BLOGS

On Our Way to a Return to Normal Operations

Published by David B. Roth, MD, PhD, on May 25, 2021

May 25, 2021 Update from the Chair

Dear Members of the Pathology and Laboratory Medicine Community,

While we are still facing a long road to normalcy, it is exciting to hear how successful our progress has been so far. The University is now anticipating a July 6 date to begin further repopulation of our campus. This month, the travel suspension has been lifted to restricted travel, which means that, if travelers are fully vaccinated, all domestic (and some international) travel will no longer require a petition or other risk-based pre-approval. All in all, we are well on our way toward a more traditional campus experience in the fall.

At the same time, the recent revisions to the CDC-recommended guidance on mask wearing may have inadvertently given the false impression that it is now safe to gather without masks. I want to remind each and every one of you that masks are still required at all times in all of Penn Medicine facilities, regardless of vaccination status. Moreover, universal masking continues to be required on our campuses and in our buildings to Penn Medicine patients, visitors, and vendors as well. Masks are essential in healthcare settings because the safety of vulnerable patient populations and staff is our top priority.

I trust that all of you are aware of the vaccine requirements that UPHS recently implemented: All UPHS employees and clinical staff are required to be vaccinated against COVID-19. University employees in clinical roles within the health system and contract employees will also need to be vaccinated. Employees and medical staff are encouraged to become fully vaccinated as soon as possible, but no later than September 1, 2021.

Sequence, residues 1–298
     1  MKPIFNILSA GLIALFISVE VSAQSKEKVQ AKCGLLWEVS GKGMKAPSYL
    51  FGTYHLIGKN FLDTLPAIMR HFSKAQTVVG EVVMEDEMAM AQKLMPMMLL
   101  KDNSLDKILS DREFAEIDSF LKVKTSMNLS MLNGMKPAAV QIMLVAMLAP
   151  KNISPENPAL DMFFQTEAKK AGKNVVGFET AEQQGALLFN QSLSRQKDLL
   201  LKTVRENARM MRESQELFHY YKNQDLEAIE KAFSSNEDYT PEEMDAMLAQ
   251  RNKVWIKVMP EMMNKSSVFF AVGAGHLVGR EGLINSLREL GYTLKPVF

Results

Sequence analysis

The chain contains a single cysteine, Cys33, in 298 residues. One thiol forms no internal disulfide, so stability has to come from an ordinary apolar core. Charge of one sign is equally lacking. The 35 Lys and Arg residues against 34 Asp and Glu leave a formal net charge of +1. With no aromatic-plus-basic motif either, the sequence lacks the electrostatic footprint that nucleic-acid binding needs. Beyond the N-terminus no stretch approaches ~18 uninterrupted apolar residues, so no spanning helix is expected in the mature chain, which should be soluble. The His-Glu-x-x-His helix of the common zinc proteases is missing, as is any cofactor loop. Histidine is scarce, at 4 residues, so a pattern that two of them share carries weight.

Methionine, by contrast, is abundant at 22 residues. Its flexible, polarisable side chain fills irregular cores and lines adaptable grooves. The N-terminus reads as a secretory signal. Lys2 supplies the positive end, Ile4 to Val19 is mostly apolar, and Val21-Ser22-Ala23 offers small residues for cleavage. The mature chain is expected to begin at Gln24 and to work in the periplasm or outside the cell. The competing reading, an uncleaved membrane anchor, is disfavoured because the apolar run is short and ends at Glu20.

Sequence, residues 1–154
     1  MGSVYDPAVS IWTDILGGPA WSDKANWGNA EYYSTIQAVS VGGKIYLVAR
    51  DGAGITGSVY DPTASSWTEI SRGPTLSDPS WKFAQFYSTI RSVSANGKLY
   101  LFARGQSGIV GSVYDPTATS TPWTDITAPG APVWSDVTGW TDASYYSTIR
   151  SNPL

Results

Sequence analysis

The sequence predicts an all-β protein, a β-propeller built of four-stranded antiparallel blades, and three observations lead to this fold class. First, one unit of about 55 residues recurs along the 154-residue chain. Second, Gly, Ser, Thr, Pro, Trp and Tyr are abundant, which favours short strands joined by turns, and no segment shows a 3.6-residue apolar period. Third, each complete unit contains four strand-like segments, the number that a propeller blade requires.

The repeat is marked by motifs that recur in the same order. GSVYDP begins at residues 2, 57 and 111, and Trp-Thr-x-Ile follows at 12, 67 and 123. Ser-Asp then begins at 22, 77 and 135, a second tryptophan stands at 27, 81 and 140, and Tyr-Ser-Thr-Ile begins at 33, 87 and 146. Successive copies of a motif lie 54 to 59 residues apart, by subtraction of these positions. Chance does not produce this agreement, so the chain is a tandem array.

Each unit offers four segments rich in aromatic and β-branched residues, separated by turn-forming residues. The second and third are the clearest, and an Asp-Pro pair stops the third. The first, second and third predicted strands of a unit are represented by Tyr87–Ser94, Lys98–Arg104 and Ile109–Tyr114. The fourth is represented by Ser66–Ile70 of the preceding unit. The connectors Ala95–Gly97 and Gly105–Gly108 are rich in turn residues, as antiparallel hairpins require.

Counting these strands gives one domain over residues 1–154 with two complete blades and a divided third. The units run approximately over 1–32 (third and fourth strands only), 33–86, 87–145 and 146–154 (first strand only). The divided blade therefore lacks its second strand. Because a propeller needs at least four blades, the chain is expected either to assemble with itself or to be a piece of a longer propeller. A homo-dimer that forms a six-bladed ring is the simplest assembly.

As the transition guidelines are being defined by the University and UPHS, the prospect of a return to normal operations brings me a sense of relief mixed with joy. This joy, however, is also tempered by the recognition of the hardships so many of us have had to endure. Many of us are still grieving, some of us are still struggling, and I believe it is safe to say that not a single person among us was left untouched or unscathed by the pandemic.

And yet I also believe that this shared experience of struggle and the acknowledgment of the suffering among us can be a profound opportunity for us to learn as a Department. Those of you who were able to join our last Town Hall will remember the open, honest, and committed discussions generated by the presentation of the Inclusion, Diversity, Equity, and Anti-Racism (IDEA) Committee. If you want to participate in this ongoing conversation and add your perspective, I invite you to visit the feedback portal. (This is a safe space and all comments are anonymous unless you choose to include your information.)

I was impressed by the courage and commitment that the individual speakers at the Town Hall demonstrated. It is indeed hard to "speak truth to power"—to invoke a long-standing Quaker maxim—and, yes, change is difficult. But if there is one thing the last year has shown us, it is that together we can overcome even seemingly insurmountable challenges. 

For more than a year now, many of us have been pushed outside of our comfort zones. Some of us continue to make heroic efforts on behalf of others. Some of us are ready to go "back to normal" immediately, while others need time to adjust more slowly. Some of us have lost family members or friends, and others have been traumatized in different ways. You have shown great compassion to others over the past year and a half. I urge you to be compassionate with yourselves as well! Please be sure to spend some time taking care of yourselves. We are still running a marathon, not a sprint—so even in the face of all the change and the various pressures, we need to find ways to pace ourselves and to allow ourselves to accommodate all these changes.

David Roth
Chair, Pathology & Laboratory Medicine

Disclaimer: The views and opinions expressed in these blog columns are those of the authors or other attributed individuals and do not necessarily represent the official position of the Department, Penn Medicine, or the University of Pennsylvania. Health information is provided for educational purposes and should not be used as a source of medical advice or diagnosis.